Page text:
She is the niece of Anita Brenner, anthropologist, author, and one of the first women to be a regular contributor to The New York Times. She had an older brother Carl, a lawyer turned apple farmer who was the focus of her memoir, Apples and Oranges: My Brother and Me, Lost and Found. [20]


  • A Private war : Marie Colvin and other tales of heroes, scoundrels and renegades, London : Simon & Schuster, UK Ltd. 2018. ISBN 9781471180705, OCLC 1040537511[21][22]
  • Apples and Oranges: My Brother and Me, Lost and Found by Marie Brenner New York: Picador, 2008. ISBN 9780312428808, OCLC 1084679418
  • Great Dames: What I Learned from Older Women New York : Three Rivers Press, 2000. ISBN 9780609807095, OCLC 47051999
  • House of Dreams: the collapse of an American dynasty, London: Joseph, 1988. ISBN 9780718132477, OCLC 9672879
  • Intimate Distance New York, N. Y. : W. Morrow and Co., 1983. ISBN 9780688021375, OCLC 1084921214
  • Going Hollywood: An Insider's Look at Power and Pretense in the Movie Business New York : Delacorte Press, 1978. ISBN 9780440030188, OCLC 3186647
  • Tell Me Everything New York : New American Library, 1976. ISBN 9780451076854, OCLC 5898486

Further reading[edit]

  • Art at Our Doorstep: San Antonio Writers and Artists featuring Marie Brenner. Edited by Nan Cuba and Riley Robinson (Trinity University Press, 2008).


  1. ^ Panero, James (2008-06-29). "Brother, Who Art Thou?". The New York Times. Retrieved 2010-05-12.
  2. ^ a b "Marie Brenner". Vanity Fair.
  3. ^ "The George T. Delacorte Center". Columbia University.[permanent dead link]
  4. ^ a b Alas, Mert. "AMERICAN NIGHTMARE: The Ballad of RICHARD JEWELL | Vanity Fair | February 1997". Vanity Fair. Retrieved 2019-12-16.
  5. ^ "Marie Brenner Is Married to Ernest H. Pomerantz". The New York Times. 1985-04-15. Retrieved 2010-05-12.
  6. ^ "Press Release: Marie Brenner to Speak at Friends of the libraries' Annual Meeting". Boston University. Archived from the original on 2006-09-11.
  7. ^ Marie Brenner (1981-08-03). "The Wedding of the Century". New York Magazine. Retrieved 2016-03-28.
  8. ^ "The Man Who Knew Too Much". Vanity Fair. Archived from the original on 2018-08-04. Retrieved 2009-06-09.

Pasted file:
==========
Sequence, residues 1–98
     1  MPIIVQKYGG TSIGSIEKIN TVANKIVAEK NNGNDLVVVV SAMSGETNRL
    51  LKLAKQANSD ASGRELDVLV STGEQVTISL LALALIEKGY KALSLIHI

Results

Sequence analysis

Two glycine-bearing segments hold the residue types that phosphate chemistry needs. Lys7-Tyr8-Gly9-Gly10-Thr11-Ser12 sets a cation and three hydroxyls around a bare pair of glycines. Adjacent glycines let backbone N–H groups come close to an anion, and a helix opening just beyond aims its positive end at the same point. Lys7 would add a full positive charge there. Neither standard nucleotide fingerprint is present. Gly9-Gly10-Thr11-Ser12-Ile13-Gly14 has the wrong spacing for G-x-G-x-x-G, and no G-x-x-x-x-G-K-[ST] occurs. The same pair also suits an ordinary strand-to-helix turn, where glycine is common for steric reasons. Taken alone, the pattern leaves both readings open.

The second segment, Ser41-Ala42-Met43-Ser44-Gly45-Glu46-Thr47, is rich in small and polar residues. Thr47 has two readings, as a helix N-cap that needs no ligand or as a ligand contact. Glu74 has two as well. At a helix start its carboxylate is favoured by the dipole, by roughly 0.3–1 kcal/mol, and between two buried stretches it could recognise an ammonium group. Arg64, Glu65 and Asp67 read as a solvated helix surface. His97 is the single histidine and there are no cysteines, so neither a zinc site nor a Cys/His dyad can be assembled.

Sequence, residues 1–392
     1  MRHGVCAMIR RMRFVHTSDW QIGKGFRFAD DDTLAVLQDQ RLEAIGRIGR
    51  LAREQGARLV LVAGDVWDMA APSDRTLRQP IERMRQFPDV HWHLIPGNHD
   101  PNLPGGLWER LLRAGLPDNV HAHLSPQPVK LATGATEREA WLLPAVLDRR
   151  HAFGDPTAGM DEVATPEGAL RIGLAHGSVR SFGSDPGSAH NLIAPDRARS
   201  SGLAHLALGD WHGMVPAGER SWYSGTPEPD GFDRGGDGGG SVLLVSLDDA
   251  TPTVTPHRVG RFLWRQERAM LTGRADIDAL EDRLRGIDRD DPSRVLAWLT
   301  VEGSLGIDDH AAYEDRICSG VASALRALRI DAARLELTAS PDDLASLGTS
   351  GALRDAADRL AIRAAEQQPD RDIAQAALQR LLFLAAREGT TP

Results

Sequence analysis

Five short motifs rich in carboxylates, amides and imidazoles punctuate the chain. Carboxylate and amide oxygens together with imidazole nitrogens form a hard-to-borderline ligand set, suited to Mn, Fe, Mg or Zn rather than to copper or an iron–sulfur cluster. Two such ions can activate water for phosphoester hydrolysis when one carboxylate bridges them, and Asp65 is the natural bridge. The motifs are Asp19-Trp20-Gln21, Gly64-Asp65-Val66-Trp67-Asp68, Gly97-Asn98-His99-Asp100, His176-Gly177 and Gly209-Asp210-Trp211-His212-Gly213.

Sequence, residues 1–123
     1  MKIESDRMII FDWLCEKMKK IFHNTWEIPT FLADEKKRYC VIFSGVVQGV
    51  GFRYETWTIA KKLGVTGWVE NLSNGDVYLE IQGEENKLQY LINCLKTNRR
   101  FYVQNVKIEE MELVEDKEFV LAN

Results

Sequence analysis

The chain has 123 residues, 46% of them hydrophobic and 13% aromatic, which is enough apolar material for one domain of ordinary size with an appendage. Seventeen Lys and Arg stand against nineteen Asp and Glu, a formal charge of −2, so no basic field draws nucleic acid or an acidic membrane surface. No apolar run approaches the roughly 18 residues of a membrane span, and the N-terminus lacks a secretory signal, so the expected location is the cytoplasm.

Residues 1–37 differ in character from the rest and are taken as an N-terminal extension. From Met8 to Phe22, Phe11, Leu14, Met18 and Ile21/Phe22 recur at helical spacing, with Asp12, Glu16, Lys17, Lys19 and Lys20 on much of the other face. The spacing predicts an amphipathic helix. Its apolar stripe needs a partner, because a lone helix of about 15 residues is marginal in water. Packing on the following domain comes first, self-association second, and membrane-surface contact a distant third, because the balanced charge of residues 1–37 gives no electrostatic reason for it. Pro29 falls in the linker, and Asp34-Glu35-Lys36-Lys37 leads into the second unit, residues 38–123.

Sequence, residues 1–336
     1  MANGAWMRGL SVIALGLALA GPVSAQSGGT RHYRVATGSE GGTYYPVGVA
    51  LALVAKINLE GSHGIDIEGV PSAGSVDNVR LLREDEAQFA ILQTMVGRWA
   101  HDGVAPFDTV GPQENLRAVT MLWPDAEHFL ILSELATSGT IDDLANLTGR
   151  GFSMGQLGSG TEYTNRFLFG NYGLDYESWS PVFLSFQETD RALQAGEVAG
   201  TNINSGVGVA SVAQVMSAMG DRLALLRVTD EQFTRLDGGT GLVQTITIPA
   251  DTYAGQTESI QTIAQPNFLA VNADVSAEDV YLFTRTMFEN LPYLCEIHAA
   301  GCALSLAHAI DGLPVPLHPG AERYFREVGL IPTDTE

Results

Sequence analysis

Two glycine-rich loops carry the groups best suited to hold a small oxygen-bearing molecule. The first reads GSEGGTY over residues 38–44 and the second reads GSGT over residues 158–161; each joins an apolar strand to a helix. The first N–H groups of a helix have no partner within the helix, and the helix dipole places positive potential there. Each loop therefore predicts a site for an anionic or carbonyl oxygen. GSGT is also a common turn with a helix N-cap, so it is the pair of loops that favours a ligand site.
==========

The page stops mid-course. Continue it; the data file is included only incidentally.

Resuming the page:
9. ^ The Insider on IMDb
  10. ^ Climek, Chris. "Review: 'Richard Jewell' Clears One Name While Smearing Another". NPR. Retrieved 2019-12-13.
  11. ^ Kent Alexander and Kevin Salwen (2019). The Suspect: An Olympic Bombing, the FBI, the Media, and Richard Jewell, the Man Caught in the Middle, Abrams, ISBN 1683355245.
  12. ^ Marc Tracy. "Clint Eastwood's 'Richard Jewell' Is at the Center of a Media Storm". The New York Times. Retrieved 2019-12-14.
  13. ^ "Enron Executives Testify Before Senate Commerce Committee". 2001-02-07. Retrieved 2010-05-12.
  14. ^ Kenneth Jones. "Uhry Will Adapt Brenner's Memoir for MTC; Meadow to Direct". Playbill.
  15. ^ "Marie Brenner: Insider Investigations". Howard Gotlieb Archival Research Center at Boston University. Archived from the original on 2008-07-24.
  16. ^ Brown, Tina (November 14, 2017). The Vanity Fair Diaries: 1983 - 1992. Henry Holt and Co. ISBN 1627791361.
  17. ^ Marie Brenner (2008). Apples and Oranges: My Brother and Me, Lost and Found. New York: Sarah Crichton Books. pp. 99-100 and 104-105. ISBN 9780374173524
  18. ^ Martinez del Campo, Lynda (August 3, 2013). "Anita Brenner: A Bridge Between Nations and Religions". Mexican Museums and Mavens. Retrieved 7 March 2015.
  19. ^ Villela, Khristaan D. (9 March 2012). "Jazz Age Chronicles: Anita Brenner on Mexico's Avant-Garde Art and Artists." Review of Avant-Garde Art and Artists in Mexico: Anita Brenner Journals of the Roaring Twenties, ed. Susanna Glusker". Pasatiempo: 18–23. Retrieved 8 March 2015.
  20. ^ Jennie Yabroff. "Brothers and Sisters". Newsweek.
  21. ^ Catsoulis, Jeannette (2018-11-01). "Review: Marie Colvin Fights 'A Private War'". The New York Times. ISSN 0362-4331. Retrieved 2019-05-13.
  22. ^ "a private war marie colvin - Yahoo Search Results". Retrieved 2019-05-13.

External links[edit]